With Tomie's return Iguchi and writer Jun Tsugita (Mutant Girls Squad and the tellingly titled forthcoming Zombie Ass: Toilet Of Death), fall-back on previously well-explored special effects with blood spouting from wounds, a blood splattered dinner table, fountains of blood and a severed talking head mounted on a plant sprout being fed caviar. Some of their better more inventive scenes include a caterpillar of Tomie heads, a lunch box filled with mini Tomie heads complete with giant snake-like tongues and tumour like neck growths with faces - one even disturbingly sings “I love you all”. A scene where a blood-drenched Tsukiko's mum offers to fix her lunch in an attempt to continue the daily routine is also more effective than most of Tomie's family interactions.

Aside from Iguchi and Tsugita's familiar red theme, Tomie has a few inventive camera shots, including a sequence where Tsukiko's dropped camera bounces around taking pictures of the impaled girl. Black and white flicker stills form the opening credits and eye close-ups are used throughout. Unnecessary flashbacks to the accident do little but bolster the film's already short running-time and the sound of continuous random manic laughter becomes rather tiresome.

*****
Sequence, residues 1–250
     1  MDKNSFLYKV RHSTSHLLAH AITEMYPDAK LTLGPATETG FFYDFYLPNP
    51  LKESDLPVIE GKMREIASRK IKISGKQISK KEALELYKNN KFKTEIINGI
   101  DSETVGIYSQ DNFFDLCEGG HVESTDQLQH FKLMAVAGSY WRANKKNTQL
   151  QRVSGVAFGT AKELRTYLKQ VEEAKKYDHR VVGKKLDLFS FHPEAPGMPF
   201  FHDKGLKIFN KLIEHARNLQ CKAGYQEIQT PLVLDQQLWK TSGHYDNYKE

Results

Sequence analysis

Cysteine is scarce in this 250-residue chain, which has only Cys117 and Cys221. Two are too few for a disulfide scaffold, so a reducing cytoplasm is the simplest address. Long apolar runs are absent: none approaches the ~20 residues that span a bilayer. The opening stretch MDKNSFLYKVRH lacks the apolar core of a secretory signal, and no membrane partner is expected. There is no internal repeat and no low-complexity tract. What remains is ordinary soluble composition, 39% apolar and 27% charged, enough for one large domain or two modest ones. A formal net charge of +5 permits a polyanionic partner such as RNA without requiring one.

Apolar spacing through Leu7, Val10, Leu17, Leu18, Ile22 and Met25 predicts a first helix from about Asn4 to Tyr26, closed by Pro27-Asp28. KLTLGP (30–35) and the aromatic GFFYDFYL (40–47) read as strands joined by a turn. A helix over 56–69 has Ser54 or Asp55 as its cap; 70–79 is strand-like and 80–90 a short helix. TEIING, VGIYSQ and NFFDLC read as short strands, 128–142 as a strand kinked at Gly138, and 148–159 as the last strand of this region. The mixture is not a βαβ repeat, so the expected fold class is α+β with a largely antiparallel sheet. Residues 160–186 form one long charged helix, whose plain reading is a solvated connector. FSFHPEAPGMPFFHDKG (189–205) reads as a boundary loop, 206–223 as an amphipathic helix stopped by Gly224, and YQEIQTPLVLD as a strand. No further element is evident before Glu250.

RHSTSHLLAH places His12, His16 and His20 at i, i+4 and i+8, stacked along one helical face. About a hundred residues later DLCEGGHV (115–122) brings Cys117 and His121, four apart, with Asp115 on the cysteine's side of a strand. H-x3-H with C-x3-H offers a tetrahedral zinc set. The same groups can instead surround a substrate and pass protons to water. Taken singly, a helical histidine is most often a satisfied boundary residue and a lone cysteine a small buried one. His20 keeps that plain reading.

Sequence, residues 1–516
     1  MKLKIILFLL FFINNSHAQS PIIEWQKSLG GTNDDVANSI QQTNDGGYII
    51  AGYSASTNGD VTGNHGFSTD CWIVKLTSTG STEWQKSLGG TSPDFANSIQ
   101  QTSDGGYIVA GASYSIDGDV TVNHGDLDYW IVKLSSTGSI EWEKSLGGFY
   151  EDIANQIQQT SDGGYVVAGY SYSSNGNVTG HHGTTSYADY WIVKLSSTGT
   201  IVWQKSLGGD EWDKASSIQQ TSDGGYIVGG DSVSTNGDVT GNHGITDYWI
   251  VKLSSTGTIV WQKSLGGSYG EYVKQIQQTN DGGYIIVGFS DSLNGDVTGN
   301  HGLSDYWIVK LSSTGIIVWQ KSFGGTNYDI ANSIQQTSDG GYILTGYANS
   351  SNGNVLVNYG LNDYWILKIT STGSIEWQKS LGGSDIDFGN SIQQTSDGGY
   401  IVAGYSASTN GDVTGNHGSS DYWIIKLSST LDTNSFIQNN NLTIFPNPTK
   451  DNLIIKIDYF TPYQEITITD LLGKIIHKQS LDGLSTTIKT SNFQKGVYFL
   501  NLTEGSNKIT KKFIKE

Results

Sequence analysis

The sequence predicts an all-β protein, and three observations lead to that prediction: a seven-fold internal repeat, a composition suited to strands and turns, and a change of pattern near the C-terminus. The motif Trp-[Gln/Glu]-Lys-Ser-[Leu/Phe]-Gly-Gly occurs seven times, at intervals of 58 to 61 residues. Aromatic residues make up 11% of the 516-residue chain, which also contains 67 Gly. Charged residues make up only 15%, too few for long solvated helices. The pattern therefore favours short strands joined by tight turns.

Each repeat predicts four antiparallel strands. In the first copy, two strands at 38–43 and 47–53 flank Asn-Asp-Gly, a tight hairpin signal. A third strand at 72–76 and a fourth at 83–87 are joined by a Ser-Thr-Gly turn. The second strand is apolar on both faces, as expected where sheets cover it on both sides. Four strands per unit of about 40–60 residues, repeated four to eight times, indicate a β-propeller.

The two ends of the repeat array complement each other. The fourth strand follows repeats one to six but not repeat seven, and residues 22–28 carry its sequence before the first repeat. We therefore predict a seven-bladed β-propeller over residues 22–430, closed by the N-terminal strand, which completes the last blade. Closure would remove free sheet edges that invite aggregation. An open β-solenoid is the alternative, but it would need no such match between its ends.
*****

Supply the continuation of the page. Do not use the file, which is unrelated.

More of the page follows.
Bearing in mind Tomie: Unlimited is part of a long-running series based on Junji Ito's manga series, expectations are already low. Unfortunately the introduction of a well-known creative writing and directing team does little to help the franchise. Occasionally poor special effects (the garden shears head severing comes to mind) are complemented by equally unconvincing performances from some of the cast (Tsukiko's supposedly terrified friend) and Tomie feels like little more than a badly played-out ludicrous family drama with thriller elements. A terrible red herring twist is thrown in before Tomie descends into a surreal bloody nightmare world and Tsukiko has a final nonsensical realisation that brings with it an inexplicable inner peace. Weird flashback montages and a strangely subtitled “flower petals” song do little to help. Undoubtedly, in watching Tomie: Unlimited, viewers undergo more of an ordeal than its lead.